Lauder's interest in postcards led him to be acquainted with one of the owners of the Gotham Book Mart, a Manhattan bookstore, and he sought to help the Gotham re-establish its presence in the city when the owner had sold its long-time building and needed a new space. Lauder bought a building at 16 East 46th Street along with a partner, letting the building's storefront space to the Gotham. Later, the Gotham fell behind on rents, eventually resulting in Lauder and his partner to file for eviction. In a much-publicized closure of the bookstore, the New York City Marshal later auctioned the store's inventory, which was bought in a lot by Lauder and his partner to some protest from many other independent book sellers and collectors who were present at the proceedings and hoping to purchase some of the bibliophilic treasures.[16]


Arts and culture

Lauder has long been a major benefactor of the Whitney Museum of American Art. In 1971, he joined the museum's acquisitions board and in 1977, by then president of his family's business, he became a Whitney trustee.[17] He became president in 1990[18] and has been chairman since 1994. He has donated both money and many works of art to the Whitney, and is the museum's most prolific fundraiser. His 2008 donation to it of $131 million is the largest in the museum's history.[19] Through the Leonard and Evelyn Lauder Fund, he and his wife have also sponsored several exhibitions at the Whitney.[18] The fifth-floor permanent collection galleries are named for the couple. In 1998, he told a reporter for The New York Times that his "dream job" was to be the Whitney Museum's director. Most recently, Lauder gave $131 million for the Whitney's endowment.

A long-time supporter of the Metropolitan Museum of Art in New York City, Lauder led the creation of a research center for Modern art at the museum, which he helped support through a $22 million endowment made alongside museum trustees and other benefactors. In April 2013, he promised his collection of 81 pieces of Cubist art,[20][21] consisting of 34 pieces by Pablo Picasso, 17 by Georges Braque, 15 by Fernand Léger, and 15 by Juan Gris to the museum; together, they are valued at more than one billion dollars.[13] It has been described by William Acquavella, of Acquavella Galleries, as "without doubt the most important collection any private person has put together in many, many years,"[22] Art historian Emily Braun, who co-organized the 2014 Met exhibition of Lauder's Cubist collection with Rebecca Rabinow, has served as Leonard Lauder's personal curator since 1987.[23]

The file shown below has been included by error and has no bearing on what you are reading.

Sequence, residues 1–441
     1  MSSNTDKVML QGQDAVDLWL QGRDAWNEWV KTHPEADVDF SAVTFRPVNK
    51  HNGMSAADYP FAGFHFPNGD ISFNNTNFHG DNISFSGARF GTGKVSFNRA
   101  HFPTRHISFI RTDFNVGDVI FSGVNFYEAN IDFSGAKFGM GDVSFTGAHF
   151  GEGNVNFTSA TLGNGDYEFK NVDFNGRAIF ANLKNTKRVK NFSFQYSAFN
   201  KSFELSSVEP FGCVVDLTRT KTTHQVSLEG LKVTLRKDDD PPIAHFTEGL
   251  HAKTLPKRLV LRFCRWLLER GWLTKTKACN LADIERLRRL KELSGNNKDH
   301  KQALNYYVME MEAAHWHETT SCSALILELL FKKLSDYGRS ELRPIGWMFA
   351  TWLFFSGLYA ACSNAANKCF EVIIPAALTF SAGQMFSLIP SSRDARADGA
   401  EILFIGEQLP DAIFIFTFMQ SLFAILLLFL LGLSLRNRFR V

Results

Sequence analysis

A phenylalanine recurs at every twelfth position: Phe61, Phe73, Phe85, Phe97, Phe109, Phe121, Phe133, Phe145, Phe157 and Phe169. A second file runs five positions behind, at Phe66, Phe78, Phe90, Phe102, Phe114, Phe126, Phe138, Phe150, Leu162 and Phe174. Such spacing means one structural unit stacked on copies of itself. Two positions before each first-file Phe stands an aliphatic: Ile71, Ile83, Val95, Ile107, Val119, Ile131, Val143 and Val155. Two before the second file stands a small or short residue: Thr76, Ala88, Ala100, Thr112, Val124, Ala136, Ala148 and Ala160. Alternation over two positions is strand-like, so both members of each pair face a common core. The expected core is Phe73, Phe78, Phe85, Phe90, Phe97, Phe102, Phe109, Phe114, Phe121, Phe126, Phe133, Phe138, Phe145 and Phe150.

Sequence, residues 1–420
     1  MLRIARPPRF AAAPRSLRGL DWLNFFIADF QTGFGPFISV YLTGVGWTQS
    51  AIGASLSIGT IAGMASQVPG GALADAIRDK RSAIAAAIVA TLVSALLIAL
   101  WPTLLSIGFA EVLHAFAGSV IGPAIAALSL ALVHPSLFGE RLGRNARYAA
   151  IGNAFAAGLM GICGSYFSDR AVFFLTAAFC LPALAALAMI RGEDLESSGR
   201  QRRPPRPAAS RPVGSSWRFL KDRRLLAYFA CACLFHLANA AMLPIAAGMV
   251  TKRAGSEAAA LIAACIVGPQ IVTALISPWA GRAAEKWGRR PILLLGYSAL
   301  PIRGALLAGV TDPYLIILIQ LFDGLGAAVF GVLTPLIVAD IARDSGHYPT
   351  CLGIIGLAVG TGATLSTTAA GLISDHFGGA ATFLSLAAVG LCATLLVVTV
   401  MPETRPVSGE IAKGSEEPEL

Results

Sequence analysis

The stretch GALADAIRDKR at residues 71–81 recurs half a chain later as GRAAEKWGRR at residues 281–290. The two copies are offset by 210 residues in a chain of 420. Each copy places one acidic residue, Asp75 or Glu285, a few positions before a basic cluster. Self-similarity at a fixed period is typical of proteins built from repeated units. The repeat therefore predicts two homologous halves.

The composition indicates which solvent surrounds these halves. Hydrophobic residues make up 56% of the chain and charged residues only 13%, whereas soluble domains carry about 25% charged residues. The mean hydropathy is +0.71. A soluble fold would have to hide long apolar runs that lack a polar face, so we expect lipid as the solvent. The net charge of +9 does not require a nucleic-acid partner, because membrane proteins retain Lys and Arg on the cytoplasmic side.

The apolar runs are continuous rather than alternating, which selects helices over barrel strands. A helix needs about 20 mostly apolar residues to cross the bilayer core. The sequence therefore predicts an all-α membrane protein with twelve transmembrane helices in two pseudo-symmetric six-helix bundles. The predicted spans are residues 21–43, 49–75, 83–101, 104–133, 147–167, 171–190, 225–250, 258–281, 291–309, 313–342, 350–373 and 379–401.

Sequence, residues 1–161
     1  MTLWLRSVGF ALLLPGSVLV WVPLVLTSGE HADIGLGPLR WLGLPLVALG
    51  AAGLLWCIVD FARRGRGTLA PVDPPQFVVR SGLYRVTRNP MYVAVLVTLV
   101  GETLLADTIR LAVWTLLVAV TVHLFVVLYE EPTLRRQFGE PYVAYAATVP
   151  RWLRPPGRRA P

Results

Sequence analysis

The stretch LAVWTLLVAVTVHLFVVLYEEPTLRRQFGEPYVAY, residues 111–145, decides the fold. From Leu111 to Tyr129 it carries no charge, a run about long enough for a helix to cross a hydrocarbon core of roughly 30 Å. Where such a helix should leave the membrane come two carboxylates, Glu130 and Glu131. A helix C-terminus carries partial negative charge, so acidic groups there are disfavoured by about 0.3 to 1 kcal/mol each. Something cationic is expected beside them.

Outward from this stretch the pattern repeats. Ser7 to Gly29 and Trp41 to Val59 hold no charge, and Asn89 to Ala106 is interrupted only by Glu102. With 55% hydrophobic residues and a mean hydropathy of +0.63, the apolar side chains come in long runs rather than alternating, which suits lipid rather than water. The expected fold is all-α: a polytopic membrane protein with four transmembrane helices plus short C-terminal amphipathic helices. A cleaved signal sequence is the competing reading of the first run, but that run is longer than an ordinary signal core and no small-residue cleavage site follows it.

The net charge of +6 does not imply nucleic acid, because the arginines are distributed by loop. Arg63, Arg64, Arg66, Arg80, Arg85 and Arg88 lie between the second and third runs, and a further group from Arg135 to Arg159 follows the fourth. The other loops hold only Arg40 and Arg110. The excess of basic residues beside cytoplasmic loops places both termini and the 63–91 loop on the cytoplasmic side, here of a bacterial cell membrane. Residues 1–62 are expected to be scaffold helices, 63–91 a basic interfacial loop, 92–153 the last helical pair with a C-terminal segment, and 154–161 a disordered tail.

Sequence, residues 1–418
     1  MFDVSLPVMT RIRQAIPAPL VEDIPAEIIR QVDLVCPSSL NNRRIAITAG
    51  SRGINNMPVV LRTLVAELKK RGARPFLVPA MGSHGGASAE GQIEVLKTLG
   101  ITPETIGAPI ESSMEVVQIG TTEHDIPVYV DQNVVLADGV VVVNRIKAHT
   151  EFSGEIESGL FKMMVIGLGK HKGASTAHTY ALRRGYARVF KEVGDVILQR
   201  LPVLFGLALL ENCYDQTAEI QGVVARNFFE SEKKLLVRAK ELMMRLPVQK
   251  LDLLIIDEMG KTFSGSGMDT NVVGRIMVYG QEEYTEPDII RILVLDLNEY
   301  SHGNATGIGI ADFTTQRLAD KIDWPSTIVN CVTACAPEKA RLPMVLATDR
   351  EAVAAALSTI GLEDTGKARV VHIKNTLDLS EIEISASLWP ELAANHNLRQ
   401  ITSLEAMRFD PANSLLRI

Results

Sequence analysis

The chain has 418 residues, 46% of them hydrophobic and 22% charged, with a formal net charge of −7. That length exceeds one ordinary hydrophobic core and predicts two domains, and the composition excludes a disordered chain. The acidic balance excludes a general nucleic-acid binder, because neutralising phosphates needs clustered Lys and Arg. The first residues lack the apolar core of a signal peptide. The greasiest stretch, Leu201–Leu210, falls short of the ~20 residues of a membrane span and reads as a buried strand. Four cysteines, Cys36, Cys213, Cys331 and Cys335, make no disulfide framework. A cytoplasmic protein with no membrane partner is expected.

Social causes

Lauder is co-founder and chairman of the Alzheimer's Drug Discovery Foundation, a member of the Council on Foreign Relations, a trustee of the Aspen Institute, chairman of The Aspen Institute International Committee, honorary chair of the Breast Cancer Research Foundation, and a member of the President's Council of Memorial Sloan-Kettering Hospital.[24] Along with his wife, Evelyn, he helped create the Evelyn H Lauder Breast Center at Memorial Sloan-Kettering Cancer Center in New York City and the Breast Cancer Research Foundation.[25] In February 2022, he donated $125 million to University of Pennsylvania to establish a new tuition-free nurse practitioner program within Penn Nursing.[26]


Lauder's memoir, The Company I Keep: My Life in Beauty was published in 2020.[27]

Awards and honors

Year Title
2003 Golden Plate Award of the American Academy of Achievement, presented by Awards Council member Ehud Barak[28][29]
2017 Bronx Science Hall of Fame[30]
2019 Women's Leadership Award[31]
2020 World Retail Hall of Fame[32]

See also


  1. ^ "The Lauder Family". www.elcompanies.com.
  2. ^ a b c "Page Not Found". www.elcompanies.com. Archived from the original on October 27, 2010. ((cite web)): Cite uses generic title (help)